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What’s happening with the Rental Reform Bill?

May 13, 2024 Reading Time: 4 minutes


Hailed as “the biggest change to the private rental sector for a generation”, the Renters’ Reform Bill – first proposed in April 2019 – aims to transform the private rented sector and improve rental property standards.

Since its introduction to Parliament in April 2019, it has been making slow progress through the House of Commons. During this time, MPs have discussed and debated various points. They have also suggested making changes to some of the proposals.

Here are some of the ideas that featured in the original draft:

  • An end to Assured Shorthold Tenancy Agreements.
  • The abolition of ‘no-fault’ evictions (Section 21) Revisions to Section 8 (landlords’ grounds for possession)
  • A new landlords’ register and the creation of an ombudsman service
  • A rental property portal with links to local authorities
  • New laws making it easier for pet owners to keep pets in rented accommodation.

On 1st May, the Bill went to the House of Lords, where it will go through further stages before it can become law. There have been some heated arguments over the final shape of the Bill, but nothing can be confirmed until it has completed its route through both parliamentary houses.

Understandably, landlords, letting agents and tenants are eager to know the final outcome. Meanwhile, our Ilford letting agents have joined forces with our letting agents in Wanstead to provide an update on the latest twists and turns in the Bill’s journey so far.westminster bridge parliamentSo, will property values continue to rise? In their latest survey, business and consumer confidence experts GfK found that consumers’ confidence in their personal finances has hit the highest level in two years. At the same time, Zoopla has detected ‘improving sentiment’ in the housing market based on a stable employment market and faster wage growth.

No one can accurately predict what will happen to prices in the next few months. However a wide range of trusted sources have indicated positive progress for the UK housing market. Given the latest figures, earlier predictions that prices would continue to drop in 2024 may be in line for revision.

Changes to “no fault’ eviction plans

This has been one of the hotly contested items in the recent parliamentary debate.

Currently, a landlord can give notice to a tenant to quit their property without giving a reason. This is known as a ‘no fault’ eviction, as outlined in Section 21 of the 1988 Housing Act. Under the new proposals, a landlord would only be able to evict their tenant if the reason for giving notice was defined by law: for instance, if the landlord wanted to sell up or needed to move into the property fault eviction plansSo what has changed? The government still intends to go ahead with the abolition of Section 21. However, we can expect long delays before the law can be implemented, as the county courts don’t have the capacity to deal with the expected boom in possession cases. MPs have insisted that the courts must be ready before ‘no fault’ evictions can be banned, and that could take years.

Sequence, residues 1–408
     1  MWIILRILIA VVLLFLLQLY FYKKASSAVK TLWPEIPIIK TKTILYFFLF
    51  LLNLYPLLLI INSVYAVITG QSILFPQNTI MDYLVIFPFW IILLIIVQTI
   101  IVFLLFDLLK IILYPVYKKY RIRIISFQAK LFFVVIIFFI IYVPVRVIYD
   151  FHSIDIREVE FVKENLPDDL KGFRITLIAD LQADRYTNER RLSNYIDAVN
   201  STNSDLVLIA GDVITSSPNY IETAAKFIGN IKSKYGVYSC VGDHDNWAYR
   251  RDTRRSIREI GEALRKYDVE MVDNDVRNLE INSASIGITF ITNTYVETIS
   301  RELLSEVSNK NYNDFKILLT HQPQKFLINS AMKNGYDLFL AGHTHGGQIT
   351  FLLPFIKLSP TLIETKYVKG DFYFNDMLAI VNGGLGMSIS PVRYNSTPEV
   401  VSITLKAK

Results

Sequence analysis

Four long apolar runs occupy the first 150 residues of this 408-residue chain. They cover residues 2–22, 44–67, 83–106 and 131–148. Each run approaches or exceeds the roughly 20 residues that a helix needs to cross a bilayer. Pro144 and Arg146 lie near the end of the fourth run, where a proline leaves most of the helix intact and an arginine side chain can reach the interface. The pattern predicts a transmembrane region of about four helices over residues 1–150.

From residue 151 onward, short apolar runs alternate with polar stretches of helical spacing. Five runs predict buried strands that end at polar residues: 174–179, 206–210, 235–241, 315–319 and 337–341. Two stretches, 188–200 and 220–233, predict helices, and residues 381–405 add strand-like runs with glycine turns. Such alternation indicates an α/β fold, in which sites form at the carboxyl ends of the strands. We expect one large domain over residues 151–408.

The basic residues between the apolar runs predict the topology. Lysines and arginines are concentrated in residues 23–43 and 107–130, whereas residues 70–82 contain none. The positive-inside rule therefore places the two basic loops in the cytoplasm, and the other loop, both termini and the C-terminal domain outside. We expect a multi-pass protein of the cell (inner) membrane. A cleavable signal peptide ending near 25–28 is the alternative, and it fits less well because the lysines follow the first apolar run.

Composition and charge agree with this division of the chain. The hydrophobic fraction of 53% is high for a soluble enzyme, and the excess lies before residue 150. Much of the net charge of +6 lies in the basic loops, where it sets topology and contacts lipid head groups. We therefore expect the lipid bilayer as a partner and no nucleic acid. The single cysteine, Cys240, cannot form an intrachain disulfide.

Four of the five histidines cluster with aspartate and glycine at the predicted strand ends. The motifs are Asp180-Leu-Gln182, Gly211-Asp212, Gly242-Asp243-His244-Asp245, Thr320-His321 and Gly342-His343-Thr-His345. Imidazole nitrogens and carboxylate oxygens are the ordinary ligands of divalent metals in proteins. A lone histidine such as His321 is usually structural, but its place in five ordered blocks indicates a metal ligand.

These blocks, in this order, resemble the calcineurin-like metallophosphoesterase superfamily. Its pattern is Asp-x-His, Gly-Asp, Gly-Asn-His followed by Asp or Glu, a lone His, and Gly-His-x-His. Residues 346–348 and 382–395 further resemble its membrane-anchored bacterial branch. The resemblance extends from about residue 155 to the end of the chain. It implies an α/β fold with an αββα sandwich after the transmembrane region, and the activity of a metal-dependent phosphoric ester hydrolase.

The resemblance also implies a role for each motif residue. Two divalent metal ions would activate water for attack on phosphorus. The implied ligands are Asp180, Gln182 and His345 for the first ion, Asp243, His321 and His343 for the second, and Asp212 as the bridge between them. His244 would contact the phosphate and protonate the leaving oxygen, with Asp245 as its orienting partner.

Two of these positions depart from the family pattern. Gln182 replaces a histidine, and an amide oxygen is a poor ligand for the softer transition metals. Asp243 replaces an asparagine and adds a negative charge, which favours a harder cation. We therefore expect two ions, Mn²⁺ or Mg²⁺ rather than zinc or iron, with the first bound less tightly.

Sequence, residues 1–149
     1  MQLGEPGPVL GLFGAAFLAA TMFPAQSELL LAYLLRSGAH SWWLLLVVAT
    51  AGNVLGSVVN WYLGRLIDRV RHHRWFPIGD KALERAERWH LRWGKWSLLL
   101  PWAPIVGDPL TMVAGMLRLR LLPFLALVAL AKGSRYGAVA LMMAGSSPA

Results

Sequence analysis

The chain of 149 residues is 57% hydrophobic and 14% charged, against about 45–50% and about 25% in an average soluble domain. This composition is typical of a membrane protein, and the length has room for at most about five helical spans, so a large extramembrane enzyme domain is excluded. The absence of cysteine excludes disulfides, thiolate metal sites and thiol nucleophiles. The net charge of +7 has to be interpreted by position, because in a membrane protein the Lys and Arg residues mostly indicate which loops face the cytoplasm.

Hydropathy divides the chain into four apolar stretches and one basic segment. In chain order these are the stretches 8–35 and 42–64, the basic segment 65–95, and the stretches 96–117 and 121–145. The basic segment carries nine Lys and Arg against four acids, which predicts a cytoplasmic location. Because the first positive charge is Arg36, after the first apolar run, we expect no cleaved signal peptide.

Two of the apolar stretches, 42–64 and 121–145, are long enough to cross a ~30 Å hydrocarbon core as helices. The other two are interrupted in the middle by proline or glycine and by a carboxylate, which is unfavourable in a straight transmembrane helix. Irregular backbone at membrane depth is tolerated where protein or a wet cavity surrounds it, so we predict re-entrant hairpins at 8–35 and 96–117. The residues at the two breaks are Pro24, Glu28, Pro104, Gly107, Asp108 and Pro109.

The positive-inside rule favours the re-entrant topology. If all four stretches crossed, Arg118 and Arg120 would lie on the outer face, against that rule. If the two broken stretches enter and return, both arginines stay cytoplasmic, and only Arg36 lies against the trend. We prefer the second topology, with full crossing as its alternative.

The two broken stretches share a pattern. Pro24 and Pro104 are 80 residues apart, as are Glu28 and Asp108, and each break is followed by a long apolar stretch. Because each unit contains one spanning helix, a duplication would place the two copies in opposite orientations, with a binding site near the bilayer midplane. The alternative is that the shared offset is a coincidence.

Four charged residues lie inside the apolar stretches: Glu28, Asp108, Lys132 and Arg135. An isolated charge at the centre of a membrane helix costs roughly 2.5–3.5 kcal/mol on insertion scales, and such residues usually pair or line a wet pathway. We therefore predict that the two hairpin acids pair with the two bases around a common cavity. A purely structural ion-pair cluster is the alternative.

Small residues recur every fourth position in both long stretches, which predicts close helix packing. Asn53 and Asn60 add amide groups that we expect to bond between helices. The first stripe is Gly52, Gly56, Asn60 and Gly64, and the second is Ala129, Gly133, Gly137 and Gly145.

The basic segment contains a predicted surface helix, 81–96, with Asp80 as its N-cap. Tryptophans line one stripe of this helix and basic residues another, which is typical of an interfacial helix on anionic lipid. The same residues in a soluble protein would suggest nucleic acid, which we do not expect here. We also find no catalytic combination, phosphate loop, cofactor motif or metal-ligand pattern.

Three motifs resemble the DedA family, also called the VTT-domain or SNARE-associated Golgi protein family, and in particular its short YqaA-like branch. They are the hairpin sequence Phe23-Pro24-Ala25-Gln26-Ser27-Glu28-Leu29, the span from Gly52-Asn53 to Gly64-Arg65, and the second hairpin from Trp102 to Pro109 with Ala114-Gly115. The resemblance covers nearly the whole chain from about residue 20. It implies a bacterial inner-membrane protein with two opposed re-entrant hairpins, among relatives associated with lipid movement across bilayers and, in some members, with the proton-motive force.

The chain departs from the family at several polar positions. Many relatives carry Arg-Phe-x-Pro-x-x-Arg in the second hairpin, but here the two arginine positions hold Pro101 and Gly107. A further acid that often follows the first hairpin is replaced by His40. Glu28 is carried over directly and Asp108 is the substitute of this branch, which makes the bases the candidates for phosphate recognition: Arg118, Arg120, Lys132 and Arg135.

Are Assured Shorthold Tenancy agreements still going to end?

The Bill includes plans to eliminate Assured Shorthold Tenancy agreements (ASTs). Under the new laws, when an AST comes to the end of its term, it will roll over to become a periodic tenancy, with no fixed end date.

While the plan to end ASTs hasn’t changed, MPs have closed a loophole whereby tenants were able to give two months’ notice within the first four months of a new tenancy. This amendment has effectively created a six-month period during which tenants won’t be able to serve notice. Exceptions include cases of domestic violence, death of a tenant or a serious issue that the landlord fails to fix.

If ASTs are phased out, the law regarding rent rises will remain as it is for statutory periodic tenancies today: only one rent increase per year (with two months’ notice given). But the downside for tenants is that they will lose the ability to negotiate longer fixed term tenancies, which currently offer some protection from market-led rent rises.

Housing Minister Jacob Young has promised to review the results of abolishing ASTs: “Removing fixed term tenancies is a significant change, and government will commit to publishing a report on the system within 18 months to ensure the system works.”

Tenancy agreements

Are any other changes planned?

Several other issues have been considered, including:

  • Increased protections for student accommodation to reflect the seasonal nature of student lettings. This ensures that there will be enough housing available for students when they need it.
  • When tenants ask to keep a pet, landlords must provide a decision in writing within 28 days of receiving the request. The landlord can’t revoke their permission once it has been granted.
  • Last month it was suggested that council landlord licensing schemes should be reviewed to avoid any possible duplication with the landlord letting portal.
  • A new law has been proposed to prevent landlords from banning benefit claimants or tenants with children.

What happens now?

The Bill must receive Royal Assent before it becomes law, but it’s unlikely that stage will be reached until October or November this year.

Our letting agents are constantly looking out for news that might affect landlords and tenants, and we’ll update you as soon as we hear. Meanwhile, why not get in touch if you are looking for a great investment property or an ideal home to rent?

Give us a call at 0203 972 7341 or email

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